Cannabis grow house.

Understanding Risks Associated with Insuring Cannabis Facilities

By Dan Turpin | Published November 2, 2022

The economic impact of losing a cannabis crop is devastating — especially when you put countless hours and effort into growing your merchandise that is likely sold before it’s even grown. For outdoor growers, one of the most common concerns are natural disasters like the wildfires that occur in California and Colorado. Fire, smoke, and ash all play a part in destroying crops. 

But farming indoors poses other problems as the expensive grow operations invested in, when not installed or maintained properly, can lead to a chain reaction of catastrophic events like fire, fungus growth and bug infestation that leads to major loss. While there is a higher level of control with indoor growing, disaster can strike from inside the facility ruining the plants. The culprit? The crucial systems growers depend on.

3 System Disasters That Can Ruin Marijuana Plants

Consider the impact to your cannabis crop if any of the following three systems malfunction in your marijuana grow room. 

  1. Electrical systems in many indoor farms have elaborate LED grow light setups. Designed for optimal growth, this type of lighting runs on software that distributes a predetermined and strategic amount of illumination for rapid and controlled growth. Cultivators should hire a qualified contractor or engineer to inspect the existing system to ensure it is in good repair and has the capacity to run all systems required for the operation. Systems that are overstressed or use wiring that is too small in diameter will cause excessive heat buildup, which can result in a catastrophic failure of the system or a fire.
  1. HVAC systems keep humidity and temperature at a controlled level, conditioning the space to help with optimal growth. Utilizing a system that is under-powered or poorly maintained could result in failure of the system, and in the worst case, a fire. Having a maintenance plan for the system is the best way to keep it running.
  1. Drip irrigation systems deliver the exact amount of water marijuana plants need daily. Many of these systems are bonded to a machine that applies vitamins, minerals and fertilizers to the crop at specific times of the day. The elaborate hose, valve and metering systems are often overlooked during maintenance, especially if the system appears to be operating properly. Keeping control panels clean and in a well-ventilated area will reduce the risk of overheating or dust particles attaching to the internal components, causing damage to the system.

Finding ways to preserve the product and quickly get plants back to optimal health is key during disaster recovery. The reality is that even with expert help, 50% of the time the plants cannot be saved. But insurance companies can work with consultants that understand plant biology to salvage plants and transport them to temporary housing with an HVAC system to maintain costly marijuana plants that are already purchased for fulfillment of orders.

Understand the Risks Before Underwriting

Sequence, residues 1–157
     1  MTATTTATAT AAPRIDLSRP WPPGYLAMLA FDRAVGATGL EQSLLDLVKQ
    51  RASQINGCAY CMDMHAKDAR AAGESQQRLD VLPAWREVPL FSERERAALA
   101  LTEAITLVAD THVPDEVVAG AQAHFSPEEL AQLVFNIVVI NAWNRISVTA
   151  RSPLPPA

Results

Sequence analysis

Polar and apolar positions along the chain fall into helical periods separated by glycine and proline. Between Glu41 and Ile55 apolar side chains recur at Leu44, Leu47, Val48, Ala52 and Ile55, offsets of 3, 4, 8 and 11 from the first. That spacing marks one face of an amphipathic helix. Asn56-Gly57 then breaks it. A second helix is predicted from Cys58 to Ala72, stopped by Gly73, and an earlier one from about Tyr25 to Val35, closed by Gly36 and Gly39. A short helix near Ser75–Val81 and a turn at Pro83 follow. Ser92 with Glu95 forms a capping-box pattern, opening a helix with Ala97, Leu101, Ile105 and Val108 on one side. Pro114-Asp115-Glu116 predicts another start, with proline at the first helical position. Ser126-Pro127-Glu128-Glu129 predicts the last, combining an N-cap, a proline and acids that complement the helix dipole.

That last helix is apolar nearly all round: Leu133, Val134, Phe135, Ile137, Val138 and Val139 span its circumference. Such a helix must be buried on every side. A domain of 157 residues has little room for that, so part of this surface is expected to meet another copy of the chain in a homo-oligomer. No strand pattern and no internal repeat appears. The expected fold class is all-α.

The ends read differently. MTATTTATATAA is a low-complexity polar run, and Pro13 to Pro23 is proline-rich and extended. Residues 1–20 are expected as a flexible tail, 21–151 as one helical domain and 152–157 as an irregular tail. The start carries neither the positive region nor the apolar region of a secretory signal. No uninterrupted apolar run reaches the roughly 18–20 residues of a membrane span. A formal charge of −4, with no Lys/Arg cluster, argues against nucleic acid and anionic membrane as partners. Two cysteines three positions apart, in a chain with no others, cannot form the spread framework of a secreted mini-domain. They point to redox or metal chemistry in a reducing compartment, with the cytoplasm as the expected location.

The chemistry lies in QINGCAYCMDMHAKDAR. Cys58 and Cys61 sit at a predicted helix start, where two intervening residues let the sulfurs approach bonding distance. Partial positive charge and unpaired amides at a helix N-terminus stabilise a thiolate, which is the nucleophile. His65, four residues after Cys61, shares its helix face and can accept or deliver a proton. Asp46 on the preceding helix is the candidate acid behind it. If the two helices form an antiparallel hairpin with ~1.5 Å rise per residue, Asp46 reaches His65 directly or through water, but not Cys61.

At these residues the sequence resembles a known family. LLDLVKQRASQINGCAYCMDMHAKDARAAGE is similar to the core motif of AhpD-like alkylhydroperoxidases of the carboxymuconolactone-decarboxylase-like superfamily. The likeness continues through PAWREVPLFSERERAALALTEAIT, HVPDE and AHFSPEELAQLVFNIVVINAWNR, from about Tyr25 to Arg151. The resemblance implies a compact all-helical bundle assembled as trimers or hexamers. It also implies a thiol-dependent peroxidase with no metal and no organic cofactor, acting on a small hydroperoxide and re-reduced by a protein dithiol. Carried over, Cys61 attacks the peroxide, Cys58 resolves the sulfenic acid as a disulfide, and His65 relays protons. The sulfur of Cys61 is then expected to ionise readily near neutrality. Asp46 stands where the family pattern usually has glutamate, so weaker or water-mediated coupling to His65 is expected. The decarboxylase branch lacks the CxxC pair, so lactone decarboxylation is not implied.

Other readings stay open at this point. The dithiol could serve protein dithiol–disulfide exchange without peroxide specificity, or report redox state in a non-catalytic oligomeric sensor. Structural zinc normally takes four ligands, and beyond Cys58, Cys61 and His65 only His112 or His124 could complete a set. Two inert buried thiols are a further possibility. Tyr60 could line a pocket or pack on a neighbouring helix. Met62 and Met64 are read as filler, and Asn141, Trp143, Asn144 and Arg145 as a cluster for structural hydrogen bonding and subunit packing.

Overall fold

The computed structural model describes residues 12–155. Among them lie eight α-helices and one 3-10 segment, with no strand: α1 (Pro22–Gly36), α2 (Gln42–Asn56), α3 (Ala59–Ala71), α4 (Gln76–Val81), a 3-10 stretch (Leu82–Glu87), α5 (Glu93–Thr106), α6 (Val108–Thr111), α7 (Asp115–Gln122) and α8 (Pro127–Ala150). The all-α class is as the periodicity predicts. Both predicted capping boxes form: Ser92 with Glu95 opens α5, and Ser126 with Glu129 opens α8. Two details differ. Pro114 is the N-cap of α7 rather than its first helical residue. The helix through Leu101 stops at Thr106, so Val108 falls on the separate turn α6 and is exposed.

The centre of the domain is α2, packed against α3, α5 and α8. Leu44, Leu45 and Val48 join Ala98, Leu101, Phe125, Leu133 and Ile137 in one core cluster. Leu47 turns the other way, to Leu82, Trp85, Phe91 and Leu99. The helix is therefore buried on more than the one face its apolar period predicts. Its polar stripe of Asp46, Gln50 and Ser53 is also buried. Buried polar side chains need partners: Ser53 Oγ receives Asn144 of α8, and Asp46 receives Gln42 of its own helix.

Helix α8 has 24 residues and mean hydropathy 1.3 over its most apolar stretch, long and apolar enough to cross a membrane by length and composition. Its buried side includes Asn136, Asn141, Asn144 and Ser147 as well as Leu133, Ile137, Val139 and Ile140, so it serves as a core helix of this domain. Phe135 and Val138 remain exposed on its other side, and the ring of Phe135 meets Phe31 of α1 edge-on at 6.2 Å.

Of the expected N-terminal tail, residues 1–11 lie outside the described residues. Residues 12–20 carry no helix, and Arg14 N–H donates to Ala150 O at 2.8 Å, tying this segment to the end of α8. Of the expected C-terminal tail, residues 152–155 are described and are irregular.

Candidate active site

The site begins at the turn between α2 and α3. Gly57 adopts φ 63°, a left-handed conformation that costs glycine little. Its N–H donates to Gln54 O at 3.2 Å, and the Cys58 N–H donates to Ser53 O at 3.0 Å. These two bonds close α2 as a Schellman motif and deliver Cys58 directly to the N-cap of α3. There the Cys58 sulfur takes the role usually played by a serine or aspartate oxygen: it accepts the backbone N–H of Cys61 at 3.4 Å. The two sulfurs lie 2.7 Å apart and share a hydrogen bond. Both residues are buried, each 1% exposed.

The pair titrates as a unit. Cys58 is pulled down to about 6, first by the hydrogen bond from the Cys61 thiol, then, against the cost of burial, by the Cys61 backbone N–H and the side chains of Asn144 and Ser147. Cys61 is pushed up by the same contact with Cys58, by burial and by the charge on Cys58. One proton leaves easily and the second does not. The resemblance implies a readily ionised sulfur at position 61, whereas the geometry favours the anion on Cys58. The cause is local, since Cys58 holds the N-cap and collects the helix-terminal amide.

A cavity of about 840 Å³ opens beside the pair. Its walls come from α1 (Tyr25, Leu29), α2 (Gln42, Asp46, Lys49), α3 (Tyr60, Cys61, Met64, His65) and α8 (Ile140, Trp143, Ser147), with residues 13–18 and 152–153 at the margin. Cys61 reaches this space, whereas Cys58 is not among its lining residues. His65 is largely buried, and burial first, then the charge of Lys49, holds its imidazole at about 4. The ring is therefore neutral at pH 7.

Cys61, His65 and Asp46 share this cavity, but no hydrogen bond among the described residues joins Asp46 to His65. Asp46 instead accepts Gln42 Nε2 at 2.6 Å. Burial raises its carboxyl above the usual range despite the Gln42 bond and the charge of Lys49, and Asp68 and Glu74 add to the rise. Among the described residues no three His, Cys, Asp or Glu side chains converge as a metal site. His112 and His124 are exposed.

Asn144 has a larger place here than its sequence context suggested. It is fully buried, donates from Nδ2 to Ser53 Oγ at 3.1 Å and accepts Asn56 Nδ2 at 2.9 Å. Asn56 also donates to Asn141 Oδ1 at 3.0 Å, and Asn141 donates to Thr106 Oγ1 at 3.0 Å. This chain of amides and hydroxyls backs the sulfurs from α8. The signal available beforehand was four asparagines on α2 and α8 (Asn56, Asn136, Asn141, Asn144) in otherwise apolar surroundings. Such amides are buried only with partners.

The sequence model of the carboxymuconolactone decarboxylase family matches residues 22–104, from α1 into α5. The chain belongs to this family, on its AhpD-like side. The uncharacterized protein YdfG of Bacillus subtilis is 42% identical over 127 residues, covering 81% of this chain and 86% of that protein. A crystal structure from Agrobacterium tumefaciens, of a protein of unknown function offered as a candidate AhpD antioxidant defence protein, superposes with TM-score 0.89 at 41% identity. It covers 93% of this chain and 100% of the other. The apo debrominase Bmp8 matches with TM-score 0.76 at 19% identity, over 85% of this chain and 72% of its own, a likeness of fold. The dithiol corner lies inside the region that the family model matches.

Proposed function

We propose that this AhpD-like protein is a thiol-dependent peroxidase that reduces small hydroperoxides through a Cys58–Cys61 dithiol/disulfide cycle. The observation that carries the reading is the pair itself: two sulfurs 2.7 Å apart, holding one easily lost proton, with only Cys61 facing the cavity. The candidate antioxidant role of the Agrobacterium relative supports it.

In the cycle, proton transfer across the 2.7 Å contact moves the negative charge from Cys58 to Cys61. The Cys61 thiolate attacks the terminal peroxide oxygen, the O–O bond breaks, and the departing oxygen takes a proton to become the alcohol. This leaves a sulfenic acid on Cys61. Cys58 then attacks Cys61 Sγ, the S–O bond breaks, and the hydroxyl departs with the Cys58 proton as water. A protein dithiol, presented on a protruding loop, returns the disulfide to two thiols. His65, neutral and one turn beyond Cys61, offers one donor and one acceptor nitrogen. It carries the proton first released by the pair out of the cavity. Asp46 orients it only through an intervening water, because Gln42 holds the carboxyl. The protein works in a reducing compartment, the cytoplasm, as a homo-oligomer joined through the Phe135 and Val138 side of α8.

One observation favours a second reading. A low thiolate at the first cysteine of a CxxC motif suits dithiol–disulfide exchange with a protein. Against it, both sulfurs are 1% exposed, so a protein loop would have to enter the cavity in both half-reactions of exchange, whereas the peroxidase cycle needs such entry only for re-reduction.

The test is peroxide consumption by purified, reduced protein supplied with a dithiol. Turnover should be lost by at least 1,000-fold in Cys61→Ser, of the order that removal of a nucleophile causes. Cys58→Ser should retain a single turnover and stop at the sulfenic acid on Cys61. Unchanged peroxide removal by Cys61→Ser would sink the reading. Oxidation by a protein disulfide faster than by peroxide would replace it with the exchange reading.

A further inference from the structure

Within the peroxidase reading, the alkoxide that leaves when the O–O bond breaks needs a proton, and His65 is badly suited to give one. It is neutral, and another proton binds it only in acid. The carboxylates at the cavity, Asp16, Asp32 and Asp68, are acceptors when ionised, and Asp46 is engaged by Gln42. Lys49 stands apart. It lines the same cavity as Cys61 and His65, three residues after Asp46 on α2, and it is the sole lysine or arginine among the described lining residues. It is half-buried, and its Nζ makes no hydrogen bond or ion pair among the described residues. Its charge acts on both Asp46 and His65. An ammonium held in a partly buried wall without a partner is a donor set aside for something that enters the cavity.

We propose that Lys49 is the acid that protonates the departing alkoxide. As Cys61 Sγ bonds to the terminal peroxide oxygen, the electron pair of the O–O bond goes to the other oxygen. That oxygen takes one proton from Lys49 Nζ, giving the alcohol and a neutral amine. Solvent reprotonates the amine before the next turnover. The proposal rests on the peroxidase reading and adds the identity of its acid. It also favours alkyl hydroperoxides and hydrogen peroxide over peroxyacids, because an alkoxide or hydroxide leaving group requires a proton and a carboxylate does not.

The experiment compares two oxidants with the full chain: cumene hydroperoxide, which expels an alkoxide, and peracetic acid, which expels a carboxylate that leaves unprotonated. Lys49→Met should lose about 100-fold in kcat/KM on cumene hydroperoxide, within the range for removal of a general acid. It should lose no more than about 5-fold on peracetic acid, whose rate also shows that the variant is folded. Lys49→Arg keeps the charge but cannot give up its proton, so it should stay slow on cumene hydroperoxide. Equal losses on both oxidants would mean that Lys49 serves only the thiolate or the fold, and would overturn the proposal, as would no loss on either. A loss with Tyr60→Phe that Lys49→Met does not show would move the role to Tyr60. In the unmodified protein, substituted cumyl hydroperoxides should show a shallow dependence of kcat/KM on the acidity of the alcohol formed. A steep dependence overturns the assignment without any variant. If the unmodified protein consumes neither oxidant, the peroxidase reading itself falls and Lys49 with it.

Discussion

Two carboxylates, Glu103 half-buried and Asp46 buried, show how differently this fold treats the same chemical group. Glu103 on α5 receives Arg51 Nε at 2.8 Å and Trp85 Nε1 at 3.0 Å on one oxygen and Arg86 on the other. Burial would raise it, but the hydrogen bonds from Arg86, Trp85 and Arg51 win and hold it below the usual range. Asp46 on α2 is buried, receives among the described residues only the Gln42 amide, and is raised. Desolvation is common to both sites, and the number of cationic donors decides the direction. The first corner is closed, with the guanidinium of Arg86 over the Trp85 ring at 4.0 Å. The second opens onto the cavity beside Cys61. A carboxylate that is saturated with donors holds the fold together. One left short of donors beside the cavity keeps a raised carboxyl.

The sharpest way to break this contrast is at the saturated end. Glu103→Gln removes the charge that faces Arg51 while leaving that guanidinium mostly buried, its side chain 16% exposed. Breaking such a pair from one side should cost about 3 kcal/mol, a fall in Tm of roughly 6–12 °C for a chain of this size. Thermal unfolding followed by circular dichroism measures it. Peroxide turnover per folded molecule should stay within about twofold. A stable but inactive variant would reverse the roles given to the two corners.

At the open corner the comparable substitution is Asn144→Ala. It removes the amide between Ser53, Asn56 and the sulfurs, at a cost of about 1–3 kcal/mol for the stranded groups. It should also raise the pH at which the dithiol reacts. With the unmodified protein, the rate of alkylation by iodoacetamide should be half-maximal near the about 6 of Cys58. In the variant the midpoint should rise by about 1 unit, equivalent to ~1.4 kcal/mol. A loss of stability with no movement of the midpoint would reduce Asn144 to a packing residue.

A new industry without years of data, growing marijuana may seem like a big risk for insurance companies. With so many gray areas between compliance and legal/illegal operations, it’s important for underwriters to consider the following when offering coverage:

Is the nursery structurally sound?

There are typically two types of buildings that are being used for marijuana growth; the type of building used depends on where the cannabis facility is located.

  • Older nurseries and buildings are used to grow plants in environmentally optimal locations like California and Oregon. These buildings may be old and not maintained or updated to reflect today’s marijuana grow needs.
  • Repurposed facilities like old big-box stores or strip malls are leased or purchased and typically found in the East Coast or Midwest. Some have been vacant and unmaintained for years and do not have an adequate power supply or the infrastructure was not properly retrofitted to meet the needs of a cannabis grow facility.

No matter the type of building used, ensuring the nursery is structurally sound can help reduce the chances of plant damage and the likelihood of fires.

Does the nursery have an adequate power supply?

Many older buildings have a hodgepodge of electrical systems that can easily become overloaded. Ensure the building being used has proper electrical hookups and confirm the electrical retrofit was installed correctly to reduce the risk of fires.

Does the nursery have an up-to-date HVAC supply?

HVAC systems must be installed properly by professionals with permits. Cutting corners can result in roof cave-ins and loss of valuable plants and harvests if the systems are installed closely together.

How well do you know your client?

There are a lot of marijuana facilities out there, but not all are created equal. Because the industry used to be “underground” and is now required to follow codes and standards for growth, consider facility upgrades that need to be made for optimal growth conditions, the contractors used to construct the upgrades, and how the business is actively meeting compliance requirements.

Partnering with an experienced team to protect your cannabis facility against risk can make all the difference. Reach out to RMC Group to help you pinpoint potential issues that could impact your cannabis facility and crops.

This information is intended for informational purposes only. Each restoration project has unique properties and must be evaluated individually by knowledgeable consultants. RMC Group is not liable for any loss or damage arising out of or in connection with the use of this information.